Rolling In The Dough

6 Mins Read

Rolling In The Dough

Imagine catching a whiff of the freshly baked bread as they are taken out of the oven. Greeted by a sight of familiar brown hue, the aroma of warm bread fills the air, evoking a comforting sense of homeliness.

From old-school treats to a convenient grab-and-go option, the association of bread with “breakfast” is fairly strong in Singapore as part of our staple diet. Besides the entry of foreign, artisanal bakeries, the burgeoning bakery scene Is also fuelled by the trend of coffee joints and café culture. In this saturated market, which brand then forms the staple in your mind?

For the loaf of bread

When we speak of a typical Singaporean breakfast, kaya toast, soft-boiled eggs and a cup of kopi or teh are probably some of the most quintessential items on the national breakfast menu.
Traditional breakfast at the iconic Chin Mee Chin Confectionery. Photography by

How are these traditional bakes and confectioneries competing against artisan baked goods today? Heritage. Tapping on their age-long recipes, many traditional bakeries today set out to preserve the longevity of old-school treats amidst other novel, viral creations.

Traditional bread-making practice at Sing Hon Loong Bakery. Photography by Spring Tomorrow

Known for their soft loaves of bread, Sing Hon Loong Bakery also holds steadfast to the back-breaking practice of making bread from scratch. The bakery is an established name in its field and it mainly produces bread for retail chains including Ya Kun Kaya Toast.

Another distinctive feature is the storefront. Old-school bakeries and confectionery shops take on a similar look as the cha chaan tengs in Hong Kong, with their retro black-and-white tiles and grilles.

Colourful neon signs that remind one of Hong Kong’s cityscape. Photography by Penny W. on Foursquare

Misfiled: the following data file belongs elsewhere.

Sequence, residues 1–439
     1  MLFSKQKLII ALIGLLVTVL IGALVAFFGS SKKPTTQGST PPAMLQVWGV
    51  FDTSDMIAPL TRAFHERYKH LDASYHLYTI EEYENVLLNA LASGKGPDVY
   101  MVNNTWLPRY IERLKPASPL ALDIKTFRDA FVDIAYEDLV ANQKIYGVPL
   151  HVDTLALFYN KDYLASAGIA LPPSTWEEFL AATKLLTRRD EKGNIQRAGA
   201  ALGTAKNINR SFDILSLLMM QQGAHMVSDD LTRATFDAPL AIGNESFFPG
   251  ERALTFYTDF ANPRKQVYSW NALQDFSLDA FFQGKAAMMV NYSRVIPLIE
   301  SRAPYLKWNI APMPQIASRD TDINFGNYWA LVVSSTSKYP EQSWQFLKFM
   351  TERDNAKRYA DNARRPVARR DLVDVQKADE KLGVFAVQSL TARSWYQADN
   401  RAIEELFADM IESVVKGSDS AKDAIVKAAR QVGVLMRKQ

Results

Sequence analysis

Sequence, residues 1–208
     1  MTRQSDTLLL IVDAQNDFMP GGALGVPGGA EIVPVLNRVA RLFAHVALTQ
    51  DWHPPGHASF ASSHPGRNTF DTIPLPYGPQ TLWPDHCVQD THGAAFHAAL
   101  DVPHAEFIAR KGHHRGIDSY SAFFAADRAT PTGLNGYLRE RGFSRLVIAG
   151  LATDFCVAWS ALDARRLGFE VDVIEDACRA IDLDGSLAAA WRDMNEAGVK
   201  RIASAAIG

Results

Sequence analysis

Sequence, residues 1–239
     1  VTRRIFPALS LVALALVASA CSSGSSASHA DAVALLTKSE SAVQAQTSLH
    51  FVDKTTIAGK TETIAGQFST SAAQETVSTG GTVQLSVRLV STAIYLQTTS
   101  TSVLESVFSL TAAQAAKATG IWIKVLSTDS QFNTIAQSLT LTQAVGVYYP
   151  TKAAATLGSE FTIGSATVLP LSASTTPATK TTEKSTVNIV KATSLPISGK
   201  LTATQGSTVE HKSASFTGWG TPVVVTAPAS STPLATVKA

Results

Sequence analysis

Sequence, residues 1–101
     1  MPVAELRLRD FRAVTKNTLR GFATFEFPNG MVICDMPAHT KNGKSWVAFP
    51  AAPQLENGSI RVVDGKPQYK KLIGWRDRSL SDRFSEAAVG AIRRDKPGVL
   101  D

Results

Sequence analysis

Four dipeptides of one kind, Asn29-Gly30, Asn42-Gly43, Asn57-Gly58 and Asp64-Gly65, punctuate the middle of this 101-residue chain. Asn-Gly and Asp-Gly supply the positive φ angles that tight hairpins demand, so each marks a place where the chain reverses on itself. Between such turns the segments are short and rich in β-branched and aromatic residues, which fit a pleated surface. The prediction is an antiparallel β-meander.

By maintaining their bakes at affordable prices, they hope to appeal to the younger generations and pique their interest in nostalgic treats enjoyed by their parents and grandparents in their younger years.

For those who are in for some old-school treats, do check out Dona Manis Cake Shop (their banana pie!), Sembawang Confectionery and Sing Hon Loong Bakery.

The rise of bread

As Singapore progresses in culinary sophistication, we also observe more foreign brands making their foray into the local bakery scene. Currently split between Asian and French styles, these bakeries often position themselves as “masters of their craft” as they revel in the quality of their baked goods and thoughtfully-sourced ingredients. Recognised by the skills and time put into production, these foreign brands include artisanal bakeries that employ the use of European baking techniques and methods to create an authentic, unique rustic flavour – like Nick Vina Artisan does.

Photography by Bread Experience

The emergence of certain trends, such as increasing health consciousness among local consumers and novelty-seeking consumers, also provide a timely opportunity for these artisanal bakeries to fill the gap in the market. Not only does the younger generation view consumption as an expression of individuality, maintaining wellness is also an ongoing commitment, which explains their willingness to pay a price premium for healthier alternatives like sourdough bread. This drives the need for higher quality ingredients to be integrated into a brand’s offerings to capture the mind share of this demographic.

Photography by SETHLUI.COM